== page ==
About Dr. Igic's Research
[Please go to the lab webpage, linked above, for a complete publication list and other detailed information.]
My lab seeks to advance our understanding of mating system evolution, and more broadly the patterns and causes of trait changes and their effects on diversification.
Mating systems have multifarious effects, including the magnitude and distribution of genetic variation. Our work has long aimed to uncover the causes and consequences of mating system transitions and their observed variation, both within and among species. We are presently engaged in an effort to generate extensive (next generation) sequence datasets for the inference of phylogenetic relationships in the nightshade plant family (Solanaceae), as well a continuing aim of developing improved methods for inference of trait evolution.
We are also broadly interested in the link between genotype, phenotype, and environment. Until recently, we pursued this interest principally in the context of self-incompatibility systems, where the fitness consequences of new phenotypic variants are well understood. Self-incompatibility (SI) is defined as the ability of plants to recognize and reject their own pollen. It commonly involves linked pollen- and style-expressed genes, which must co-evolve to maintain the ability to recognize each other. Genes associated with self-recognition systems such as SI in plants, mating type loci in fungi, the sex determination locus in hymenopterans, and the MHC in jawed vertebrates experience selection for rare alleles, and thus harbor extreme allelic polymorphism. This polymorphism is typically manifested as a spectacular number of alleles maintained in natural populations (up to 200; Lawrence 2000), and high molecular divergence among alleles (Ioerger et al. 1990), implying long times to coalescence of allelic polymorphism. Because of these unique characteristics, the study of SI can provide information concerning historical population genetic changes (e.g. bottlenecks; Richman et al. 1996, Igic et al. 2004), the order of mating system transitions (Igic et al. 2004, 2006; Igic and Kohn 2006), and provide insights into the link between nucleotide transitions, traits, and ecological setting.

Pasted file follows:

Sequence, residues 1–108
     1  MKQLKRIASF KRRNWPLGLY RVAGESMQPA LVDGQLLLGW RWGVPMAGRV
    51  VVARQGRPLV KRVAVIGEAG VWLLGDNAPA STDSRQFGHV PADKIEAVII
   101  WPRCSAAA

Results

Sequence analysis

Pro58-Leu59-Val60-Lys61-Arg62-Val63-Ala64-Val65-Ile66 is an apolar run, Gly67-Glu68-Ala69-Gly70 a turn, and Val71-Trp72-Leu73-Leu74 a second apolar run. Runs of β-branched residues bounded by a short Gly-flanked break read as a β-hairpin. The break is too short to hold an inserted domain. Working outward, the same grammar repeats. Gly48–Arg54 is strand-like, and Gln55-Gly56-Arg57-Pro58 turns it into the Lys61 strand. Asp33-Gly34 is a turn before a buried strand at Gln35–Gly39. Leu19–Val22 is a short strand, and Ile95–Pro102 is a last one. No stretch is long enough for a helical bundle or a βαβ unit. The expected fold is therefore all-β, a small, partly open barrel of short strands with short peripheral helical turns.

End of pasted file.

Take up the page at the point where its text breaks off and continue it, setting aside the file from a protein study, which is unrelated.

We are now extending this research program to uncover the genetic architecture of variation in mating systems. We merge quantitative trait locus (QTL) mapping approaches, which elucidate the magnitude and direction of such differences, and field trials to examine the adaptive consequences of alternative mating systems in independent pairs of sister species. The principal question is whether adaptive trajectories use parallel or novel genetic mechanisms in response to parallel selection. One of the goals of this line of research is to properly order breeding and mating system transitions and ask how contrasting mating systems influence evolutionary fate of lineages: is the transition to selfing indeed a dead-end?
In addition, the lab is entering a number of exciting collaborations aimed at improving the methods for reconstruction of ancestral states and detection of differential diversification rates in a variety of traits not confined to plant lineages, finding co-evolved regions/residues of interacting molecules under positive selection (in the absence of experimental evidence), and identifying genomic regions and genes responsible for reproductive isolation and ecological divergence between species.
Igic, B., L. Bohs, and J.R. Kohn. 2004. Historical inferences from the self-incompatibility locus. New Phytologist 161:97-105.
Igic, B., L. Bohs, and J.R. Kohn. 2006. Ancient polymorphism reveals unidirectional breeding system shifts. Proceedings of the National Academy of Sciences 103:1359-1363.
Igic, B. and J.R. Kohn. 2006. Bias in the studies of outcrossing rate distributions. Evolution 60:1098-1103.
Ioerger, T. R., A. G. Clark, and T.-h. Kao. 1990. Polymorphism at the self-incompatibility locus in Solanaceae predates speciation. Proceedings of the National Academy of Sciences 87:9732-9735.
Lawrence, M.J. 2000. Population genetics of homomorphic self-incompatibility polymorphisms in flowering plants. Annals of Botany 85:221-226.
Richman, A. D., M. K. Uyenoyama, and J. R. Kohn. 1996. Allelic diversity and gene genealogy at the self-incompatibility locus in the Solanaceae. Science 273:1212-1216.
Stebbins, G. L. 1957. Self fertilization and population variability in the higher plants. American Naturalist 91:337-354.
Robertson K.A., E.E. Goldberg, and B. Igic. 2011. Comparative evidence for the correlated evolution of polyploidy and self-compatibility in Solanaceae. Evolution 65: 139-155.
Goldberg E.E., J.R. Kohn, R. Lande, K.A. Robertson, S.A. Smith, and B. Igic. 2010. Species selection maintains self-incompatibility. Science 330: 459-460.
Goldberg E.E. and B. Igic. 2008. On phylogenetic tests of irreversible evolution. Evolution 62: 2727-2741.
Igic B., R. Lande, and J.R. Kohn. 2008. Loss of self-incompatibility and its evolutionary consequences. International Journal of Plant Sciences 169: 93-104.
Igic B., W.A. Smith, K. Robertson, B.A. Schaa, and J.R. Kohn. 2007. The population genetics of the self-incompatibility polymorphism in wild tomatoes: I. S-RNase diversity in Solanum chilense
(Dun.) Reiche (Solanaceae). Heredity 99: 553-561.
Igic B. and J.R. Kohn. 2006. Bias against obligate outcrossers in studies of the distribution of outcrossing rates in plants. Evolution 60: 1098-1103.
Igic B., L. Bohs, and J.R. Kohn. 2006. Ancient polymorphism reveals unidirectional breeding system transitions. Proceedings of the National Academy of Sciences 103: 1359-1363.